Brazil and the United States present, respectively, 2% and 3% of the online sales rate in this sector. Simplus specialist points towards the lack of information regarding the products
Brazil still has an immense potential to be explored in the field of online supermarket shopping. While almost 90% of the population visits the chains to replenish their homes, only 2% of Brazilians choose the Internet to restock the pantry.
The numbers are result of a study conducted by the São Paulo Supermarket Association (APAS) in partnership with Ibope Inteligência in 2018. In accordance with Wellington Machado, CEO of Simplus, a company specialized in retail systems, the scarceness of information is the main stumbling block for the growth of the supermarket in e-commerce.
Today, the major challenge of the supermarket sector is to take that same experience the consumer has at the physical store and bring it to the brand’s site or application. For this reason, the main chains of Brazil met at the APAS head office to find ways of boosting online sales.
In accordance with Simplus’ CEO, the principal problem of the chains in the Internet is to identify the products that the consumer is interested in and to bring the information regarding each of them, such as origin if it is organic, etc. “In a digital experience, when the consumer looks for organic products, he wants to make sure of that quality,” Machado explained.
Focus on online sales
Currently, on average, a supermarket has a mix of close to 40 thousand items and to take this volume to the online environment is not an easy task. However, with the aid of technology and of specific tools, it is possible to improve the consumer’s digital experience. And investment in data scanning could be an answer.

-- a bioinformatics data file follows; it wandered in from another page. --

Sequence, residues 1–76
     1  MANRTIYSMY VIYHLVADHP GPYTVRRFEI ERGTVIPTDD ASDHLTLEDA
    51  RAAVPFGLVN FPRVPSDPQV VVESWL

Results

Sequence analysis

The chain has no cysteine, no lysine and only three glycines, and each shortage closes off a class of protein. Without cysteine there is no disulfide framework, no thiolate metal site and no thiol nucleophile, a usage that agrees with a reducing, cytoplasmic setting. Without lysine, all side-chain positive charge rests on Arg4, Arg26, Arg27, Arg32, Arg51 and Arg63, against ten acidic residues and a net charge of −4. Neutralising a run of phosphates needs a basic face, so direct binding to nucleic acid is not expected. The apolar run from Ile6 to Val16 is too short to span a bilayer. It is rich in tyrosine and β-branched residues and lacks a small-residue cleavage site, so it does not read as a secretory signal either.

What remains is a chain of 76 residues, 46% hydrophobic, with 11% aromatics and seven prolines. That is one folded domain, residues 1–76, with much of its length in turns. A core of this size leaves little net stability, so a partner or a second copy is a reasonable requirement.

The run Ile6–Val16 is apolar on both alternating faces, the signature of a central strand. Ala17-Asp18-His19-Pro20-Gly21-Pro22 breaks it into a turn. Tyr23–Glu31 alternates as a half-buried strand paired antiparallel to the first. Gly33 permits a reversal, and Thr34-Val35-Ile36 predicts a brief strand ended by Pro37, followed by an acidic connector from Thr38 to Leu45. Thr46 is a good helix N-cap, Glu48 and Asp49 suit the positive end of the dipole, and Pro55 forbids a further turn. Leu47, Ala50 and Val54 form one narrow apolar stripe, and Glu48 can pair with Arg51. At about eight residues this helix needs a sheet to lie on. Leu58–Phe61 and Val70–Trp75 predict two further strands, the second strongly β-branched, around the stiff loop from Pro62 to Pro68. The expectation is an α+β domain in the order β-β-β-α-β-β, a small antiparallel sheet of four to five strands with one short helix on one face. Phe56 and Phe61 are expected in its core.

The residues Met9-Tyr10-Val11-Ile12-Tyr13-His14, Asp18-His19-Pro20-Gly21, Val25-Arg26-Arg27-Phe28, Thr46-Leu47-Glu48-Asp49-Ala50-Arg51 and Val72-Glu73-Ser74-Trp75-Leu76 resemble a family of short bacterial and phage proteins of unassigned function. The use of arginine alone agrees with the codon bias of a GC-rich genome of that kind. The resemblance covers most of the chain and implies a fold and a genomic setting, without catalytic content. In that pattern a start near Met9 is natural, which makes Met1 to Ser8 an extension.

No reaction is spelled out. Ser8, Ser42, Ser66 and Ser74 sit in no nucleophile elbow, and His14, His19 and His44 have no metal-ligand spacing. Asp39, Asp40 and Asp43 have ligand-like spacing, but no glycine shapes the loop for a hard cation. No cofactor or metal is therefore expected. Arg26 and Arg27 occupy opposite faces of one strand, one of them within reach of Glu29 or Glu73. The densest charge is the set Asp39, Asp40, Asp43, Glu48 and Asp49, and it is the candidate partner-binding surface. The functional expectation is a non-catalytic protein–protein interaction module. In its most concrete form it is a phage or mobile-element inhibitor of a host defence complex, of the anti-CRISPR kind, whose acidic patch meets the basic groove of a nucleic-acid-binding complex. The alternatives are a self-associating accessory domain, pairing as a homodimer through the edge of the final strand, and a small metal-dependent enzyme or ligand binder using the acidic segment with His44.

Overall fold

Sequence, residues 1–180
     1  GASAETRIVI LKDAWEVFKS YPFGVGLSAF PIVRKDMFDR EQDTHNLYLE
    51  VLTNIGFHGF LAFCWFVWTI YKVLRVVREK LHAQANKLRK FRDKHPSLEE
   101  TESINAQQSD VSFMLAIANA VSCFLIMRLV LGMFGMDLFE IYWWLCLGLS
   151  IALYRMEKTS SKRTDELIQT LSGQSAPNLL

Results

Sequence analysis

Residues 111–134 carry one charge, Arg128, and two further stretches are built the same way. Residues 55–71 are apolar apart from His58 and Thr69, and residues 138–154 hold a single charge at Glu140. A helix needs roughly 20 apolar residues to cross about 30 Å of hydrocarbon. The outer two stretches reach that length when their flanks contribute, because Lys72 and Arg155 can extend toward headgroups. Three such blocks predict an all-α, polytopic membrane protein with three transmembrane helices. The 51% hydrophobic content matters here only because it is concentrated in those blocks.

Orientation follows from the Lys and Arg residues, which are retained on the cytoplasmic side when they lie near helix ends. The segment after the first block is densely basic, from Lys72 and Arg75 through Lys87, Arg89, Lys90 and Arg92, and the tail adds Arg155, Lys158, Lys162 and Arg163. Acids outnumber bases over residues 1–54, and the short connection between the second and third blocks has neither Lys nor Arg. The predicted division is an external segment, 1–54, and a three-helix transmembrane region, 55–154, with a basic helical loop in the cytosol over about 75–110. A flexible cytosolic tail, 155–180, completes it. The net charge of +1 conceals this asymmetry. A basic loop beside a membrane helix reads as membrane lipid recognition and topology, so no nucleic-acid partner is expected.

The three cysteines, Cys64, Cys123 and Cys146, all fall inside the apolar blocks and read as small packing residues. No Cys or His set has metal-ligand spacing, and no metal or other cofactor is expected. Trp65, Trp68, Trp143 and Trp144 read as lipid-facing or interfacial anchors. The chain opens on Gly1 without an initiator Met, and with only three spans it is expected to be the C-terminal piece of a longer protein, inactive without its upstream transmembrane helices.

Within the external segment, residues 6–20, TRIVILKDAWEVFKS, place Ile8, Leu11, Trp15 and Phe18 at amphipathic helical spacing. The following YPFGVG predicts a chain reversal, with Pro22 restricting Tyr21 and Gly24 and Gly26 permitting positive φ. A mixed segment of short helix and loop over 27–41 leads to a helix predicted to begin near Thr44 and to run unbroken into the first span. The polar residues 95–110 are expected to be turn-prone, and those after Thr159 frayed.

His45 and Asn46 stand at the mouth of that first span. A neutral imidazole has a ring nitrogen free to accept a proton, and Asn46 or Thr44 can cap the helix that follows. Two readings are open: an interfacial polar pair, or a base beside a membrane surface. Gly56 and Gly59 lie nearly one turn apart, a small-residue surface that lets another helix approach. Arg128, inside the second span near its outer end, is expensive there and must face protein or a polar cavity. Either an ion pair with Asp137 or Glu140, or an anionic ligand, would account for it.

This task can be done based on two fronts: in the receiving of products, when the packaging information can be captured by a software; and access to the commodity’s technical datasheet. In a survey conducted by Bain & Company in partnership with Google in the United States, it was confirmed that the supermarket is the first choice for 68% of the participants if they had to carry out online shopping. Of those who replied, 4% would choose an exclusively digital market and 11% decided for omnichannel brands.
To drive the numbers of online transactions, both in Brazil and abroad, Wellington thinks it is necessary to offer validated information and to itemize better the offering. “Today, retail is able to understand well its customer’s demand on account of loyalty programs. He can use this identification by combining customer awareness with the product he is looking for,” the CEO of Simplus concludes.